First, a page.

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Zaire regime tumbles towards abyss

Troops desert Mobutu as endgame approaches, reports Mary Braid
The government of corrupt Zairean dictator, President Mobutu Sese Seko, was pushed nearer the abyss yesterday when government soldiers prepared to hand over Lubumbashi, the country's second largest city, to rebels without a fight.

The advance of Laurent Kabila's rebels continues at breakneck speed, helped by the mass defection and desertion of government soldiers.

Only 48 hours after taking Mbuji-Mayi, centre of Zaire's diamond industry, the rebels have surrounded the copperbelt city of Lubumbashi, more than 100km south, and will soon control the mineral-rich southern provinces of Kasai and Shaba.

In Lubumbashi, government troops donned white arm bands to signal their switch to Mr Kabila and danced in the streets with approving citizens. They woke yesterday morning to the surprise news that the rebels had captured the town of Kipushi, just 30km away, on Sunday.

Once again the rebels seem set for a walk-over. Men claiming to be junior officers in the Zairean army called on their troops to lay down their arms and join the rebels.

President Mobutu is being repaid with wholesale disloyalty for a 32-year rule, characterised by repression and personal greed on such a scale that it has impoverished Zaire. Despite the country's huge natural resources the majority of people in Kasai and Shaba, like most Zaireans, have remained dirt poor.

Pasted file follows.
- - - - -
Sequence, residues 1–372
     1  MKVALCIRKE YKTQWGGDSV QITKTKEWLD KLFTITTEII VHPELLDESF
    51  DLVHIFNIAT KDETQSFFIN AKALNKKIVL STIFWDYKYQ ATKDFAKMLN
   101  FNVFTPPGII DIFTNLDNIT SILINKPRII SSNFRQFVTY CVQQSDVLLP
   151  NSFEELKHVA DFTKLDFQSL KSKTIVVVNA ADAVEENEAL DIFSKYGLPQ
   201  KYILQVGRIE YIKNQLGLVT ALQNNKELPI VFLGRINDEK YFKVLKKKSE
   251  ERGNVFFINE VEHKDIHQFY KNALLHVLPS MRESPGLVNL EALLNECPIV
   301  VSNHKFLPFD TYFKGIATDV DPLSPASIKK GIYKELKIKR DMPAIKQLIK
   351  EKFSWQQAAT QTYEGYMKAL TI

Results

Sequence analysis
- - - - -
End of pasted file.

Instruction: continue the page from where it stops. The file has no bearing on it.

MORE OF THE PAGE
"We've all changed sides," said Sergeant Kafua Otamba at the barracks of the 21st Brigade in Lubumbashi. "We're ready for the arrival of Kabila. We've suffered enough in Zaire. We must get rid of Mobutu."

It was not clear last night if the army had gone over to Kabila entirely.

But like soldiers all over the country, those asked to defend Lubumbashi have little to thank Mr Mobutu for. "We've had no pay and we have no food," Sgt Otamba said.

As Lubumbashi looked set for a relatively orderly handover, elsewhere all was chaos. Three days of talks between the rebels and Mr Mobutu's negotiators in South Africa have so far yielded nothing. They began with a stand-off, with the rebels demanding Mr Mobutu stand down and his representatives insisting on an immediate ceasefire. Rebels on a roll are hardly likely to meet that demand, especially when it comes from a tottering regime.

The country's three main political forces - President Mobutu, Mr Kabila and the Prime Minister, Etienne Tshisekedi - are all at odds. Mr Tshisekedi refused to attend the South African peace talks and Mr Kabila has condemned him for accepting the premiership for the third time under Mr Mobutu, and refused the offer of rebel seats in Mr Tshisekedi's new cabinet.

Mr Mobutu, ever the consummate and cunning politician, in approving Mr Tshisekedi's appointment seems to be making a last effort to divide and rule the opposition. He may be succeeding, for the opposition is in disarray. But if Mr Mobutu is in any doubt that the writing is on the wall he should look at the behaviour of foreign mining companies with current and prospective interests in Zaire. They are already treating Mr Kabila as boss.

De Beers, the company which controls the world's diamond market and has offices in Mbuji-Mayi, held talks with Mr Kabila at the weekend.

In rebel-controlled Kisangani, the new governor said Mr Kabila's authorities were already collecting revenue from diamond sales. "Before, all the money went straight into pockets," said Yagi Sitolo, referring to the Mobutu years during which Zaire's mineral wealth was used as the personal bank of Mr Mobutu, his relatives and generals.

Last week American Mineral Fields (AMF), the Canadian mining company, opened the first diamond buying office in Kisangani to be licensed by the rebels. "I firmly believe Kabila is going to make a better Zaire, without corruption," said Joseph Martin, an AMF director who admits his company has its sights set on mineral exploration in Shaba province.